retroactivel yinvented genres / minimal  synth

a contemporary club for minimal synth and 'cosmic' (the latter not invented but barely known at the time outside northern italy where the scene was based around a lakeside club called Cosmic where Daniel Baldelli played a mix of eurodisco and late period Krautrock - Sky label etc - plus Afro beats and other oddities, and dancers took acid and tranced out)

Soul Jazz, Honest Jon's and the British black music connoisseur milieu

By the early years of the new millennium, whether out of necessity or evolving interest, Baker's label diversified beyond the typical British soul-boy zones of funk, Latin and the more groove-oriented kinds of Seventies jazz and started putting out groundbreaking (in salvage label terms) compilations of postpunk. Soul Jazz began with the more funk/disco/dub influenced end, as with the influential In the Beginning There Was Rhythm collection, but quickly moved into more more atonal and assaultive No Wave with the New York Noise series. They also started to push against the taste barricades that soul-boys have traditionally erected around the lumpen rave culture, with anthologies of jungle and The Ragga Twins. Baker also launched the rather straitlaced-sounding sub-label World Audio Foundation, which debuted with Polyphonic Voices Of Georgia: The Anchiskhati Choir. Soul Jazz has expanded even further into the educational zone with books and documentaries, with the launch of Soul Jazz Films, whose first release is e the Baker-directed Mirror to the Soul: British Pathé Films in the Caribbean 1922-1970.

When it comes to the lofty end of the salvage market, Soul Jazz's only UK peers are Honest Jon's.   Born out of a legendary Portobello Road record shop that fed the goateed jazz-bo and Latin funk tastes of  West London,  Honest Jon's  was founded by Mark Ainley, with the involvement of Blur's Damon Albarn, a Ladbroke Grove resident eager to expand his musical horizons to the wide world beyond Britpop. 

The label's remit might be pegged as Black Atlantic, to use Paul Gilroy's term for the criss-crossing web of musical influences that run between Africa, Brazil, the Caribbean, the American South, and the U.K. (Gilroy, as it happens, introduced Mirror to the Soul's premiere at the BFI’s monthly African Odysseys programme in the autumn on 2012). Hence Honest Jon's compilations like the London Is the Place For Me series (reggae and calypso made by West Indian immigrants shortly after their arrival in Fifties Britain) or Africa Boogaloo, which explores "the Latinization of West Africa".

Numero Group and reissuing as edification and preservation 

Like Soul Jazz, Numero have moved into doing actual books,  like Light On The South Side, a 132 page hardback full of photographs of mid-Seventies Chicago nightlife (clubs with names like Perv's House!) plus two vinyl platters of music.  Ken Shipley describes it as "a reference work"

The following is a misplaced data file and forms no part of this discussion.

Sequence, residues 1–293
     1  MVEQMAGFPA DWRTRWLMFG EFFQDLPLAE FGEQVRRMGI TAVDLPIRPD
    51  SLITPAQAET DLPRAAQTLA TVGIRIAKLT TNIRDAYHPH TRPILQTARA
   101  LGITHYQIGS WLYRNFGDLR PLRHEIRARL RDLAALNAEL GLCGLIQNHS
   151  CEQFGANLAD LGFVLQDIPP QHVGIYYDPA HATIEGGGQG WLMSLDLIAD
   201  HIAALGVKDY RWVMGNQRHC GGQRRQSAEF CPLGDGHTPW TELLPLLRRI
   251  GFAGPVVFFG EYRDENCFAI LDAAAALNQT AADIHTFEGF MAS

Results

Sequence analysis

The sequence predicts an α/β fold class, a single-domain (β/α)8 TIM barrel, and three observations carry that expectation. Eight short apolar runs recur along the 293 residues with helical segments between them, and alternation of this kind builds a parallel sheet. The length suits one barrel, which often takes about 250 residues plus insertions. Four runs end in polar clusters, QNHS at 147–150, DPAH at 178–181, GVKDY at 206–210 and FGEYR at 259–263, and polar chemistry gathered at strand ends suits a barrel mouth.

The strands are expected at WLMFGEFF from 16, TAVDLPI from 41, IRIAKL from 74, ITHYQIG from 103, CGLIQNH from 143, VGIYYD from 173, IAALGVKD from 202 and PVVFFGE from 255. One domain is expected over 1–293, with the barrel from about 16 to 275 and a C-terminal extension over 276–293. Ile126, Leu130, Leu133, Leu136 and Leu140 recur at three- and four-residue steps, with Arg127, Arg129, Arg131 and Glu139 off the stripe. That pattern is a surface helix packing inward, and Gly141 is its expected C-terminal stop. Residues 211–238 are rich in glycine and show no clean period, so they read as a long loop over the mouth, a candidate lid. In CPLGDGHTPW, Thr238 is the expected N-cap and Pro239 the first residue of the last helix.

Paralleling the activities of labels like Strut, Analog Africa, and Soundway, the Numero Group series Cult Cargo looks at what happened when American pop impacted foreign cultures:  "the collision of native styles, especially Caribbean ones, with the influence of soul or funk or psychedelia.  James Brown landed on every shore and Motown was everywhere, and this seeded local versions all over the world." Wayfaring Strangers is defined both in terms of genre (its remit is folky Americana: "John Fahey apostles , singer-songwriters inspired by Joni Mitchell or Leonard Cohen") and means-of-production, scooping up the outstanding songs from "privately pressed albums that came out in editions anywhere from one hundred to five hundred copies." 


Numero Group's Eccentric Soul series
When I listen to Eccentric Soul volumes like Smart's Palace, the passion, professionalism and sheer quality assert a claim on my attention. At the same time I can't help wondering if it makes sense for someone like me to spend time on historically marginal music when I've yet to "do" Ray Charles or Sam Cooke, i.e. incontestably epochal artists in the history of  American music. Talking about the ever-expanding Eccentric Soul series, even Shipley acknowledges feeling "a bit of fatigue…   they do become variations on a theme. It's the same story: black musicians facing the same problems." The inexhaustible wellspring of black musical creativity can be…  well, exhausting.   The six hours worth of material on the Downriver Special DVD starts to feel like an imposition, or worse, a duty



The concept -- gathering up the best tracks from artists whose albums were too patchy to warrant reissue individually-- was redolent of Jaz Holzman's original concept for Nuggets--the mix-tape that has the one or two good tracks from all the patchy albums. Appropriate then, that  Rhino would later do a massive expansion of Nuggets, turning Lenny Kaye's original double LP into a 4CD box (equivalent to eight LPs), which was soon followed by a 4CD box of U.K./British Commonwealth/rest of Earth garage punk and freakbeat, and then a 4CD box of garage revivalists from the Eighties onwards.

Forming a partnership with Warner Bros (which ultimately led to them being swallowed up and the departure of both Foos and Bronson), Rhino became the market leader when it came to box sets and back catalogue repackaging, influencing other independent labels like Rykodisc to get in the game and waking up other major labels to the potential of exploiting their archives


reissue overload

One of my favorite British expressions is "gutted". Crude vernacular for emotionally devastated, "absolutely gutted, mate" is what you say when your team loses 4: nil or your spouse runs off with your best friend."  Reissue-mania made me think there's scope for a variant.  "Absolutely glutted, mate" would be the plaintive admission of the chronic music fan overwhelmed by the torrential output of new-old recordings. "


No comments:

Post a Comment